When Brian McNamara of Vernal started his new job as a driver for UPS, the internet and Seinfeld were brand new, Dances with Wolves was the hot new movie and the Euro dance band Milli Vanilli had their Grammy award revoked after admitting to lip-syncing two hit songs.
That was 1990. Now, 29 years and 1.45 million miles (estimated) later, McNamara is being recognized by his employer and invited to join the company’s Circle of Honor for drivers who have achieved 25 years or more of accident-free driving. Utah now has 49 Circle of Honor drivers.
“My thanks go to all of them for their dedication and focus and for the countless lives they’ve saved,” said Kenneth Cherry, president UPS Mountain District. “Their attention to detail has kept them safe and has helped improve public safety.”
McNamara isn’t the sort to seek recognition. The 54-year-old who has lived in the Uinta Basin for most of his life, has a calm confidence that puts people at ease. “Plenty” of dogs have bitten him, he’s had a wood plank and a drop-hitch fly off trucks and come through his windshield on Highway 40. He’s extra careful during inversions, winter storms and around drivers who are using their phones, which is common, he said.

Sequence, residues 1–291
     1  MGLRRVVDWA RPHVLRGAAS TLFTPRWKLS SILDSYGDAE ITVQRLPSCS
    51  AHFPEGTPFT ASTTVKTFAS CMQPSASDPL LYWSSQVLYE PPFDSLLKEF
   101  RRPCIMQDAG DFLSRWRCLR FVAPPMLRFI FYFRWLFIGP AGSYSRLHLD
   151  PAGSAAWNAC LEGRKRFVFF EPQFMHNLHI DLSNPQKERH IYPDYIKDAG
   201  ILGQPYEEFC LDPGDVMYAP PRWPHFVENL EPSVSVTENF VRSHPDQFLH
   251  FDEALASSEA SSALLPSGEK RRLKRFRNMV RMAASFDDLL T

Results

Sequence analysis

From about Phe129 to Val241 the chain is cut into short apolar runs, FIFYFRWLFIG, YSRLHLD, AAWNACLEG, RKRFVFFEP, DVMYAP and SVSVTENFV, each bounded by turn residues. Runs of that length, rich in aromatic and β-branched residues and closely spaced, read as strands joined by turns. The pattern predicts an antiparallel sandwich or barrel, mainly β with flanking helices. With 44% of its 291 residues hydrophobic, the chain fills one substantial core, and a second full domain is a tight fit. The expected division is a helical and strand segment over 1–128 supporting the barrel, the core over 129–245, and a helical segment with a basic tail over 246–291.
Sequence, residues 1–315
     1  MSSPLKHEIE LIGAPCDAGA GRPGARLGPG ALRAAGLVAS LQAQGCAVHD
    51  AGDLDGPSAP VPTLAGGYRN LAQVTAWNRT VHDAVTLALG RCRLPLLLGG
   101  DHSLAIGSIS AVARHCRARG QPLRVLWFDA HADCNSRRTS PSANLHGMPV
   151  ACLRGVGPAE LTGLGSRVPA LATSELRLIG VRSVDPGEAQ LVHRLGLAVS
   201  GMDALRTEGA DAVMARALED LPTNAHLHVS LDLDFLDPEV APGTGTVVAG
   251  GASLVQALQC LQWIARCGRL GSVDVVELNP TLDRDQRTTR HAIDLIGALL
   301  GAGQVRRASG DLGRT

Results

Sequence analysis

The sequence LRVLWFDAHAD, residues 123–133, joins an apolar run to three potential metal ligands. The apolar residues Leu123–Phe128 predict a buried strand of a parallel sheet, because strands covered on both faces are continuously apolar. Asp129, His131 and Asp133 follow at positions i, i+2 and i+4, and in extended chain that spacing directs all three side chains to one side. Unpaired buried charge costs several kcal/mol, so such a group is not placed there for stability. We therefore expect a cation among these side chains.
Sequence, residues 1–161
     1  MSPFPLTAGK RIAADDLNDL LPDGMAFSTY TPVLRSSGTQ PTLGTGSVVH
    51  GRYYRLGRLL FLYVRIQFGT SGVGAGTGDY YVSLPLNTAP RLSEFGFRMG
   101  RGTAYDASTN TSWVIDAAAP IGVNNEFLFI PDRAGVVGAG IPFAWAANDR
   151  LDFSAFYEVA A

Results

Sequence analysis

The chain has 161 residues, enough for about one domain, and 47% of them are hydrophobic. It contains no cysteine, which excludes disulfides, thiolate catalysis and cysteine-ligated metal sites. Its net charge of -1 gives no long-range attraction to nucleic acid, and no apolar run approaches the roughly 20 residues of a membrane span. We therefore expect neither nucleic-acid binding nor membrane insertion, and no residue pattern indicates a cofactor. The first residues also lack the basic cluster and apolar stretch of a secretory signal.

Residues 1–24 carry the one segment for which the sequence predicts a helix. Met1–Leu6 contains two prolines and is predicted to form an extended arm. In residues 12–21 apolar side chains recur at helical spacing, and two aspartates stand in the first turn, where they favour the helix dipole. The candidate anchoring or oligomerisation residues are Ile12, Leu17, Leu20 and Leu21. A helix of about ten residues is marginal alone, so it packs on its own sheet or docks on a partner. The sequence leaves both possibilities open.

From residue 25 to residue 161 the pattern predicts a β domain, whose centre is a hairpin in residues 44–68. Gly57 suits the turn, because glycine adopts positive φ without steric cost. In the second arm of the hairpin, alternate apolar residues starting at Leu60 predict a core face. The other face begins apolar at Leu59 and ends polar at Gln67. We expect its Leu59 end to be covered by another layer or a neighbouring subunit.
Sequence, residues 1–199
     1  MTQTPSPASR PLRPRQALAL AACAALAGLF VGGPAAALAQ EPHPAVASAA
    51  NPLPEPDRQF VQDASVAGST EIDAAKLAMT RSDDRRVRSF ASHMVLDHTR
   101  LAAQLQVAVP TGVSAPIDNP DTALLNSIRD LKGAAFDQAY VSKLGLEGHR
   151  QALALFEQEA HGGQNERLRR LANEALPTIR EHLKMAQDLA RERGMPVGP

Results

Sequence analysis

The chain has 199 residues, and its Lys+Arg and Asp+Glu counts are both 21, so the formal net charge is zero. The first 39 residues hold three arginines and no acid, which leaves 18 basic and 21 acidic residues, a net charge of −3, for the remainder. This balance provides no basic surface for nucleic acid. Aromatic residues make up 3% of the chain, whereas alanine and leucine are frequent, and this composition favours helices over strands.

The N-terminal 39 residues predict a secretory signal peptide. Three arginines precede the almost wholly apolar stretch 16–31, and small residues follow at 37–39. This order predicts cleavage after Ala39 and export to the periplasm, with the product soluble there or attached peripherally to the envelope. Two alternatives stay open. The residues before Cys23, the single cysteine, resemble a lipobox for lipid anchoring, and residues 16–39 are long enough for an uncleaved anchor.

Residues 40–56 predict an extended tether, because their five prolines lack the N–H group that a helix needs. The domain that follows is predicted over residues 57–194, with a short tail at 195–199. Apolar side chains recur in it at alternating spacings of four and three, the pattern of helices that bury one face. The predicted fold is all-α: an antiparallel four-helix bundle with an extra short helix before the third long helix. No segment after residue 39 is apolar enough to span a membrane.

He likes the job because it keeps him active and in shape, and he plans on working for another six to eight years even though he could retire now. “It’s a good company to work for or I wouldn’t have been here this long,” he said.
The trick to dealing with territorial dogs is to give them a biscuit, which he does nearly every day. He says he still likes dogs in spite of all the bites. But it’s frustrating when people let them out as he is walking away from a house.
Winter driving and inversions are among the biggest challenges. “Getting up in the morning and seeing six to 10 inches of snow and knowing that’s your day is challenging sometimes,” he said.
Watch what you’re doing, drive defensively and don’t text and drive are the three things McNamara attributes to his 25-year safety record. “I see people on their phones everywhere I go,” he said. “You’re sitting higher than them and when they pass you look over and they are texting. That’s the biggest thing I see.”
The holiday season can be a bit hectic but UPS keeps drivers on a five-days-per-week schedule. Each driver delivers about 100 packages each day. The pace of work has gotten a bit more relaxed over McNamara’s career. He said the company has learned that pushing drivers too hard can lead to costly mistakes.
McNamara is the longest-tenured UPS driver in the Basin. But during that time he’s only had to work one weekend. “I always have weekends off which is great because when the day is over I don’t have to worry about being on call,” he said. “When I leave the office I put it behind me.”
UPS gave him two new jackets and put out a breakfast for the entire crew in his honor for reaching the 25-year milestone. In his spare time he likes to catch walleye and hunt elk.